Declining Estrogen Levels During Menopause And Dementia

60% of middle-aged women report difficulty concentrating and experiencing cognitive issues. While a cognitive decline is expected with age, studies indicate that a contributing factor could be menopause, which is characterized by a decline in reproductive hormones such as estrogen and progesterone. Estrogen, primarily known for its function in menstruation and reproductive well-being, also serves as a neuroprotective hormone responsible for maintaining cognitive health. The brain’s vitality is dependent on estrogen — a steady flow of the hormone to estrogen receptors in the brain is essential for memory, concentration, and stable mood. Lack thereof can increase the risk of cognitive disorders such as Alzheimer’s and other forms of dementia.


During the perimenopausal stage, the few years leading up to menopause, ovaries gradually begin producing less estrogen and may cause brain fog, hot flashes, and mood swings. While these symptoms are common during this phase, women often don’t link the loss of mental clarity to menopause. Even general physicians, sometimes unaware of the effects of menopause, establish depression as a likely cause of the symptoms and prescribe antidepressants. Antidepressants won’t treat the root cause of menopause, but hormone replacement therapy has been shown to be effective.


It’s not yet conclusive as to whether HRT will prevent Alzheimer’s; however, anecdotal data suggests it can make a positive difference and may lower the risk of the illness. Dr. Louise Newsom, a general physician, and menopausal expert, advocates for HRT due to experiencing symptom relief from it herself, “I’m a doctor and a mother of three and my brain not on HRT is awful. Leaving keys in the fridge awful. I would forget to take my children’s games kit to school, or struggle to remember the name of a drug I had prescribed for years…”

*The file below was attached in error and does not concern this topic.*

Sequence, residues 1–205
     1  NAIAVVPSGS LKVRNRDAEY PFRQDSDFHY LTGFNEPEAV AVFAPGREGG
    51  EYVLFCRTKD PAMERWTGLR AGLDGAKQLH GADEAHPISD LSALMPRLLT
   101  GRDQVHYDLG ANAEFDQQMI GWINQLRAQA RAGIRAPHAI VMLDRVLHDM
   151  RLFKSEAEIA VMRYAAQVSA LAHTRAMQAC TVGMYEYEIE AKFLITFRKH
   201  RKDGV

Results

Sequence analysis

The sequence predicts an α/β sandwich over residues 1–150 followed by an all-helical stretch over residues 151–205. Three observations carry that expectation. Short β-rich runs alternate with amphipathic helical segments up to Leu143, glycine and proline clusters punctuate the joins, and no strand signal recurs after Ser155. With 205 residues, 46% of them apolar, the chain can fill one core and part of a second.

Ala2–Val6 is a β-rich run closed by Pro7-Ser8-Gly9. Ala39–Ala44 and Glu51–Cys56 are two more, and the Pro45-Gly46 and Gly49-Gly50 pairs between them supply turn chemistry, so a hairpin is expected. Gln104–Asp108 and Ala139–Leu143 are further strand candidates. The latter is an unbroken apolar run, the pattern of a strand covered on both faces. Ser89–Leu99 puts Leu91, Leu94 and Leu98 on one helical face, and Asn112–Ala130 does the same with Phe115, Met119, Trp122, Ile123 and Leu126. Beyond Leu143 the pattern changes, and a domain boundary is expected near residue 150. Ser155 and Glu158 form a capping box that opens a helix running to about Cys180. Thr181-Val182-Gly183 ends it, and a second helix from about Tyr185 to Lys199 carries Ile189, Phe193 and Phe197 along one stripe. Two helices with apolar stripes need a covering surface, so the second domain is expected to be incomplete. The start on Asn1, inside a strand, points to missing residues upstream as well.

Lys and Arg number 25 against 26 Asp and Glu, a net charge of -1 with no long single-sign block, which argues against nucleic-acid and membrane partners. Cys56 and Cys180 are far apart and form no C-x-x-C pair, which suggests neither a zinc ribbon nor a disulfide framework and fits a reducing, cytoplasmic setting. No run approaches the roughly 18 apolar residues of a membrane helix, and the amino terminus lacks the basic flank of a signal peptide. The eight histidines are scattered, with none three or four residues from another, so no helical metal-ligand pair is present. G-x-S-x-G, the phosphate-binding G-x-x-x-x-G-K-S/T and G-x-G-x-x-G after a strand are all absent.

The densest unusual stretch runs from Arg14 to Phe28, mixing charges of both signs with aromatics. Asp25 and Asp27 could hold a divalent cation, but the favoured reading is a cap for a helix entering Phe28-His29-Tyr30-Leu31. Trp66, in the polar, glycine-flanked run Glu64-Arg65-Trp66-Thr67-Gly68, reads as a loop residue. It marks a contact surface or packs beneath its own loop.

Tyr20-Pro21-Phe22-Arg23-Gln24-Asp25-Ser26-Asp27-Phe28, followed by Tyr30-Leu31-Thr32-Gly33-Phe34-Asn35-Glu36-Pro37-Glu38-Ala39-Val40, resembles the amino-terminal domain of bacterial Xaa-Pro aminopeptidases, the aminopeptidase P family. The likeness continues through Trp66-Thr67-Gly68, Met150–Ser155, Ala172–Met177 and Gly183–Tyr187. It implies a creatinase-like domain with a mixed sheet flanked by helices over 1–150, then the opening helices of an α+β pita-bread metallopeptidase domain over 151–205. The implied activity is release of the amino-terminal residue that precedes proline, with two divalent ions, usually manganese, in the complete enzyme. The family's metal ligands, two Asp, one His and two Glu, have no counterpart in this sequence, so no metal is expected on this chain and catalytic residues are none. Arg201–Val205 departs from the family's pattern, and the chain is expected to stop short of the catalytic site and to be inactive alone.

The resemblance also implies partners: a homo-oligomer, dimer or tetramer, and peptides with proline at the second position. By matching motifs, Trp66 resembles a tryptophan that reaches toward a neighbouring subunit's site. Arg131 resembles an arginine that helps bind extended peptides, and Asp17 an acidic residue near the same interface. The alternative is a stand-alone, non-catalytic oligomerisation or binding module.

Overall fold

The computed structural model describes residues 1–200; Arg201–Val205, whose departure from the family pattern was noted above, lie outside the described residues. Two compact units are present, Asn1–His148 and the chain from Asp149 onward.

The time at which HRT is taken from the onset of menopause is critical for achieving maximal benefits. In two recent studies, women who started taking estrogen after 65 were more likely to have trouble with thinking and memory. Women who started between 50 and 54 were not. The general consensus is that taking HRT within 10 years of onset is best — it ensures hormonal levels are adequate enough to protect brain function and prevent severe neurodegeneration later on.


The following are different forms of estrogen therapy:

  • Estrogen pill – the most common treatment, and generally taken once a day without food. Your doctor will recommend the dosage and provide further instructions.
  • Estrogen patch – patch is worn on the skin of your abdomen and is replaced every few days. Patches can have different dosages and hormone combinations.
  • Topical Estrogen – this includes creams, gels, and sprays. This treat is absorbed by the skin and into the bloodstream.
  • Vaginal estrogen – comes in a cream, vaginal ring, or vaginal estrogen tablet. It is used for vaginal dryness, itchiness, or pain during intercourse. Creams are used daily and the ring is replaced every three months.


There are risks of HRT to be aware of, including but not limited to: heart disease, stroke, blood clots, and breast cancer. Risks increase with age. Women with a history of breast cancer, ovarian cancer, endometrial cancer, blood clot in the legs or lungs, liver disease, or stroke generally are advised alternative treatments.


To see if HRT is right for you, discuss with your physician your individual symptoms and health risks.



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